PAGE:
BAXTER — From now on if Jack were building a house in Baxter, he’d have to build a garage, too.
In a split vote Wednesday, the Baxter Council voted to require garages with residential construction. The move came after a six-month moratorium on residential building permits which was extended in October to give staff more time to iron out details on garage sizes, research ordinances and requirements from home lending programs.
For a single family home, residences are required to have a two-vehicle garage 20 feet wide by 22 feet long. For two family dwellings or townhouses, one garage space is required 12 feet by 22 feet. For apartments and multi-family dwellings, a half garage or underground parking space per unit is required. So a 24-unit apartment building would require a 12-unit garage. The city has the option to waive the requirement for senior living complexes.
The council voted 3-2 in favor of the garage requirement with Mayor Darrel Olson and Council members Jim Klein and Todd Holman in favor. Council members Mark Cross and Rob Moser were opposed.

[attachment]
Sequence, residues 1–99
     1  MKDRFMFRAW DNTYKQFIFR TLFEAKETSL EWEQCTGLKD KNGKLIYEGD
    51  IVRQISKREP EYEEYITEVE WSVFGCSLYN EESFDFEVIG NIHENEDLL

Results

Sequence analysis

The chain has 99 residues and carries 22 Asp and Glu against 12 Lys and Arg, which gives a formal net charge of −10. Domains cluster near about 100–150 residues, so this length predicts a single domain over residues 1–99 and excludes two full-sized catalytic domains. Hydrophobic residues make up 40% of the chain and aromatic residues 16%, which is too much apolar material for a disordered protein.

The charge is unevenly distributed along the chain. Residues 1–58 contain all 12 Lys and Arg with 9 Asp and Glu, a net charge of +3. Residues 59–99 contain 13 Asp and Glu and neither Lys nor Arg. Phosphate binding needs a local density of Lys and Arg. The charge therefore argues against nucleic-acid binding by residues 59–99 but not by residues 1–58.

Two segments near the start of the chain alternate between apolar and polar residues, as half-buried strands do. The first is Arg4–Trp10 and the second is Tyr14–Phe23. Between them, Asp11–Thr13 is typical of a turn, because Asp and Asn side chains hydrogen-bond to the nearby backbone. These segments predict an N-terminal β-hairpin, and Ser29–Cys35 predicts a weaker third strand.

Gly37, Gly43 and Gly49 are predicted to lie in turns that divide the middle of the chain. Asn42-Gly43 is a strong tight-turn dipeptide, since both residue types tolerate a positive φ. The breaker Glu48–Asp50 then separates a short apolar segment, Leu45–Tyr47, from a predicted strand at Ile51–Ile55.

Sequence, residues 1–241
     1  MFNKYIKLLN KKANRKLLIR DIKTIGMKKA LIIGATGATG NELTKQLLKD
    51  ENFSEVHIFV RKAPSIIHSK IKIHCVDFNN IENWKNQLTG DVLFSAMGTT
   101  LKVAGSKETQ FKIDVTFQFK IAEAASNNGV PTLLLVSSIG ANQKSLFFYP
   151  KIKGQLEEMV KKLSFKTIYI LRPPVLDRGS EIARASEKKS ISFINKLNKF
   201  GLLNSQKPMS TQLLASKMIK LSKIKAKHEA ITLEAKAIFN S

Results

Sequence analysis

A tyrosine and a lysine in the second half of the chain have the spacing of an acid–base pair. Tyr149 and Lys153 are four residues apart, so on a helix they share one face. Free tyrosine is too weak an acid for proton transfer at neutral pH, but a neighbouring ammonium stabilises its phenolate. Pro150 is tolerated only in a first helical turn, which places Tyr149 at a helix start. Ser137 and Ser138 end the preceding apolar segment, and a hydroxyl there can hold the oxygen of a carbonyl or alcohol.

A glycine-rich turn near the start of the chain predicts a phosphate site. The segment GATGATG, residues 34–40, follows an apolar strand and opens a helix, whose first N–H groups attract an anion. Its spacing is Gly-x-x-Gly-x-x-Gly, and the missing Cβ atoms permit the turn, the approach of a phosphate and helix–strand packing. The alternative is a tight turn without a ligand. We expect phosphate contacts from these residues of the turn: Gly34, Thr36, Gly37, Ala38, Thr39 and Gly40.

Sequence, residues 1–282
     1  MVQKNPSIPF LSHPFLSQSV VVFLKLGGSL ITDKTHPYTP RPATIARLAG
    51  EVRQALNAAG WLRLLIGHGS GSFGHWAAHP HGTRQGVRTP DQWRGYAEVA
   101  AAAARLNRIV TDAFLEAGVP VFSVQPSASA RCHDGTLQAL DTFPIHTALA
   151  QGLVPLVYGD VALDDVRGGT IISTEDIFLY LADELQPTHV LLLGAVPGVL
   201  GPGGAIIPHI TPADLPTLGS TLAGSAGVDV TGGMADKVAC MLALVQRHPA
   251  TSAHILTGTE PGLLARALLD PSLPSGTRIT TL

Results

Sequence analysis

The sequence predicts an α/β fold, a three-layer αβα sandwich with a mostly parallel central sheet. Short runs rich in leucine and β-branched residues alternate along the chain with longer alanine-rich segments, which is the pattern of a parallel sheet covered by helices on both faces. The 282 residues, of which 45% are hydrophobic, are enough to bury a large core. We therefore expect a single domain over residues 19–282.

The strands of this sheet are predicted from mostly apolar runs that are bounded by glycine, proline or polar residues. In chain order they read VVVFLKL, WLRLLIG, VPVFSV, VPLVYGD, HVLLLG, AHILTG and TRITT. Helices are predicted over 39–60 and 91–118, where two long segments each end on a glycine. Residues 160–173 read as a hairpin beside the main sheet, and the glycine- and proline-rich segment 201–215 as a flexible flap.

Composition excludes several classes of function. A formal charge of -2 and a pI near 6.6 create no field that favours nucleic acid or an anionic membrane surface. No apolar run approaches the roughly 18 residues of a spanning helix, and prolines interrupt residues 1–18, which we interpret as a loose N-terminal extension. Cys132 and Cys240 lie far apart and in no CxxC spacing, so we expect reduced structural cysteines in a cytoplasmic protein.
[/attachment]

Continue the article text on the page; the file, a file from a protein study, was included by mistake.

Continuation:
The issue first came before the city when an apartment building plan arrived without garages. Many of the apartment complexes in Baxter have underground parking. While there wasn’t a written requirement for a garage, building on all planned unit developments up to that point had included them.
Cross said he agreed with the
majority of the ordinance, but was against the requirement for a single family home. Holman asked if making it a single vehicle garage was better, but Cross said he was taking the position against forcing a resident to build any garage. Klein said he was concerned with developers putting up houses without garages and then leaving no room for one should a future resident want it. Cross said he understood that argument.
Moser noted the number of cities requiring garages in the city’s report.
“I just haven’t felt it’s been an issue in the past,” Moser said, adding the could see both sides of the argument but had been against requiring garages from the beginning.
Olson who has supported the idea from the outset, said if it hasn’t been a problem it should be an issue if the city adds the ordinance.
Olson said people were moving into Baxter long before he arrived because they liked how the city had developed. Adding the garage ordinance would be following those patterns and Olson said he didn’t want to see the city move backwards.